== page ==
It seems there’s a day or month to celebrate everything under the sun. April is National Frog Month.
Some might ask why should we celebrate the frog? Well, to me, the frog is one of the most anticipated harbingers of spring. When I was a boy their singing from a nearby marsh announced the arrival of this cherished season. The marsh is gone now, paved over and sanitized. I miss that familiar herald and have to go elsewhere in search of it. Though more fond of birds, the noble Gilbert White among other naturalists had good things to say for the amphibian.
The back legs of a frog are a delicacy worthy of gratitude, and the source of an unflattering nickname for our French friends.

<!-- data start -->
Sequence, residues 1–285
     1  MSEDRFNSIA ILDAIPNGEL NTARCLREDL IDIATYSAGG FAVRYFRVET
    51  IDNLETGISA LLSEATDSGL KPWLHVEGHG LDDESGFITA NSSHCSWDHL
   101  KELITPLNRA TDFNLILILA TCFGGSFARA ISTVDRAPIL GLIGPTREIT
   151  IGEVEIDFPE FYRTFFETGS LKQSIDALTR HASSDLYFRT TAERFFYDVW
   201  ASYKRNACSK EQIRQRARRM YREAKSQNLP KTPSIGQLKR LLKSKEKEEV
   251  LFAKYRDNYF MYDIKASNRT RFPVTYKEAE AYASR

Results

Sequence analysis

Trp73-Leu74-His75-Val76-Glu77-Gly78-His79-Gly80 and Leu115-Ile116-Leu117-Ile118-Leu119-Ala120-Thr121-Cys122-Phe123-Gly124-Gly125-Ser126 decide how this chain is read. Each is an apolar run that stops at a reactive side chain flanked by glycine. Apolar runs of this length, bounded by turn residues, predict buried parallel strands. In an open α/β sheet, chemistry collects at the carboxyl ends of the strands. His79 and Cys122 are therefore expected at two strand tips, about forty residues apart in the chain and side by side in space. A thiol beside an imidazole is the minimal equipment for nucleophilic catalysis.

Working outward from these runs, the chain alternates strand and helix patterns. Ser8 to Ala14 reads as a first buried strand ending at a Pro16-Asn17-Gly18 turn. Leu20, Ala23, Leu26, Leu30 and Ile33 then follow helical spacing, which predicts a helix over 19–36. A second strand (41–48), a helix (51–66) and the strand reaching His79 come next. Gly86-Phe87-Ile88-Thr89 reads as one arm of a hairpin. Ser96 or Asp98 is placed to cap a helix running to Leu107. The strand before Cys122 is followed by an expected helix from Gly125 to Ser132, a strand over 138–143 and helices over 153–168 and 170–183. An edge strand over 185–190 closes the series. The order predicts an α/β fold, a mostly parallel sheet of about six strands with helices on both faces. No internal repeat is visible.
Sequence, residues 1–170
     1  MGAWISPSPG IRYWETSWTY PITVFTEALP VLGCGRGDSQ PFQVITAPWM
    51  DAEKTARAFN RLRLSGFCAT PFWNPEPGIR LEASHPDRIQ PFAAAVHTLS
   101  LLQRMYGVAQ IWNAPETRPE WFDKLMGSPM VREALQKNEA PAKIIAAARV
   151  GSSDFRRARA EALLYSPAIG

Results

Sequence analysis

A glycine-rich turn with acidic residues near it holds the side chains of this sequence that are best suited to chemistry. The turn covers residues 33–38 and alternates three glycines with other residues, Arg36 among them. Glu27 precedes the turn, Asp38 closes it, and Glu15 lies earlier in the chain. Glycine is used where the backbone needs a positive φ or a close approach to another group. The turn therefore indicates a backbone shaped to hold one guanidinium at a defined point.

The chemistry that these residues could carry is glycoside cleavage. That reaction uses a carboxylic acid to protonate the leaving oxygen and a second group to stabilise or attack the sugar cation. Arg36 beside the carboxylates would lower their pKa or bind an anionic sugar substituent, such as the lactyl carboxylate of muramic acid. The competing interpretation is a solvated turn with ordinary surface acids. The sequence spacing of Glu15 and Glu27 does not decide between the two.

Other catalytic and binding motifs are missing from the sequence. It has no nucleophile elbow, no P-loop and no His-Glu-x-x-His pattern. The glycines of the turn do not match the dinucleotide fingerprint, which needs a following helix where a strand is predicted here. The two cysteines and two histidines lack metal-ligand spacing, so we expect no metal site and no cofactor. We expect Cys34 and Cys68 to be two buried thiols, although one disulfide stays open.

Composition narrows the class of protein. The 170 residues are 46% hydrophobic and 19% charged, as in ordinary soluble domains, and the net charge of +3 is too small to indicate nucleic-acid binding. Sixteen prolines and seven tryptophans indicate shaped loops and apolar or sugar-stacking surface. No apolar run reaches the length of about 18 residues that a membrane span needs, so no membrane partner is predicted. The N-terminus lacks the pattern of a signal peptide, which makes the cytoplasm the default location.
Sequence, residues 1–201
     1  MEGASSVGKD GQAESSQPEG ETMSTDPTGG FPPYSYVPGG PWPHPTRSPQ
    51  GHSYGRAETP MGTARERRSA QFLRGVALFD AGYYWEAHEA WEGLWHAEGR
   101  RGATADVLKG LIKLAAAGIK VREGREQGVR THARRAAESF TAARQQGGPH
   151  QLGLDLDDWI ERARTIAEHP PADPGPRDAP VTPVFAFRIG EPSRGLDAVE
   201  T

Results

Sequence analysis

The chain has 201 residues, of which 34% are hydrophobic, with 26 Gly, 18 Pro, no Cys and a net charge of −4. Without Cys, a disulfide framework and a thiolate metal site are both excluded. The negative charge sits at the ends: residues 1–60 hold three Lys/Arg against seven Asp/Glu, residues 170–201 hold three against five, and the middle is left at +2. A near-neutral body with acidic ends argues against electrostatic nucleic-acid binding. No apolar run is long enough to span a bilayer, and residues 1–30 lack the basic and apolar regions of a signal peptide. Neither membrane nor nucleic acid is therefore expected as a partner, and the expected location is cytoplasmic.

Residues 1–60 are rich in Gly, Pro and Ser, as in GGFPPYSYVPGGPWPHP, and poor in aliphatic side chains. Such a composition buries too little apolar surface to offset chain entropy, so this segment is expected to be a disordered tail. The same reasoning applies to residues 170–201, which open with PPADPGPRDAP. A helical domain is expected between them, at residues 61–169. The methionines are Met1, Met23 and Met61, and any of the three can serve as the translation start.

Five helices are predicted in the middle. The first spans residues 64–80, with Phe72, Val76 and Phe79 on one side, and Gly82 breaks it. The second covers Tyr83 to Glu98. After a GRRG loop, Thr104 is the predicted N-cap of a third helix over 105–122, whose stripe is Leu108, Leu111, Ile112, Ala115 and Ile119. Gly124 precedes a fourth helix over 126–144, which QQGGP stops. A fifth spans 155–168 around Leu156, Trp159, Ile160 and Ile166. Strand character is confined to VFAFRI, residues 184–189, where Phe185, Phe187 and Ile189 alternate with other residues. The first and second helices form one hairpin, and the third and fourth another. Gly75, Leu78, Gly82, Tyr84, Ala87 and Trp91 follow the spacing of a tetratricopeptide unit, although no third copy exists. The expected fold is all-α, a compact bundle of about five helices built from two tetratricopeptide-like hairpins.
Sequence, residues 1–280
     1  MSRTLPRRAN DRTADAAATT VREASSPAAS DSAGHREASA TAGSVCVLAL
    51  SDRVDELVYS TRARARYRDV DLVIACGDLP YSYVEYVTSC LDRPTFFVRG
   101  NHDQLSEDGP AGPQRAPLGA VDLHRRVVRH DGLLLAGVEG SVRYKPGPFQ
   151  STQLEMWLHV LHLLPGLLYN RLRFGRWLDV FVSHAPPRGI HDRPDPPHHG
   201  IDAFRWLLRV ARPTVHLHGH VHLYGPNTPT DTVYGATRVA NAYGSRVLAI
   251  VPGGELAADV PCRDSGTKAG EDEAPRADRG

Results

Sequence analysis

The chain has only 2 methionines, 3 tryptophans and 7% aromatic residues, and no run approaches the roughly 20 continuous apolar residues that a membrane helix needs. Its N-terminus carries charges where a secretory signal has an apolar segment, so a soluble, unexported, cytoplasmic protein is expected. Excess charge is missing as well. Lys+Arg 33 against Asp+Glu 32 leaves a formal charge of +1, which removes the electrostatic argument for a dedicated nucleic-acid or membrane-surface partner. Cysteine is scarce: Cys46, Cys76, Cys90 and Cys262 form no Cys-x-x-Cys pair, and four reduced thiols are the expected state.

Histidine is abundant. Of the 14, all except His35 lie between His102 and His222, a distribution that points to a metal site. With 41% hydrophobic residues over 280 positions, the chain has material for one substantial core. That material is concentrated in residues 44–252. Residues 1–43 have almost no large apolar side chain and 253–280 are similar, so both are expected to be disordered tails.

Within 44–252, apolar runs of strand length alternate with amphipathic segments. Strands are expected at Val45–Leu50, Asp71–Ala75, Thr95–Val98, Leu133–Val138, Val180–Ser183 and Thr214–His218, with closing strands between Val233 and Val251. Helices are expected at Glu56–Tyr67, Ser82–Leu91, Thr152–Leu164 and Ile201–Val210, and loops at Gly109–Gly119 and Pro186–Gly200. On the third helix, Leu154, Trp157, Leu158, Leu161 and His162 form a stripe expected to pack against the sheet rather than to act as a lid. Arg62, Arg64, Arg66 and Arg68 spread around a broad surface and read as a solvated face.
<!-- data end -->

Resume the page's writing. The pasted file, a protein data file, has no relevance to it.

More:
In many cultures the lowly frog is considered magic and symbolic of water and, therefore, life. The frog and lotus symbol is found all over Egypt and India. Frogs are also found frequently in the myths of the American Indian. If you care to go classical, consider Plutarch’s comment, “…though the boys throw stones at frogs in sport, yet the frogs do not die in sport but in earnest.”
The frog hasn’t fared so well in literature. There’s that repugnant reference in Macbeth and the sporting link in Twain’s tale. He comes off little better in Ovid’s “Metamorphoses” when the shepherds are turned to frogs for having taunted Latona.
Really though, there’s a serious reason for paying homage to the humble frog. Their numbers are declining and scientists are concerned not only for the welfare of the frog but for what it might mean to us and other creatures. The National Wildlife Federation is looking for volunteers for its Frogwatch USA program which seeks means of helping the frog survive. Check out the program here http://www.nwf.org/WildlifeWatch/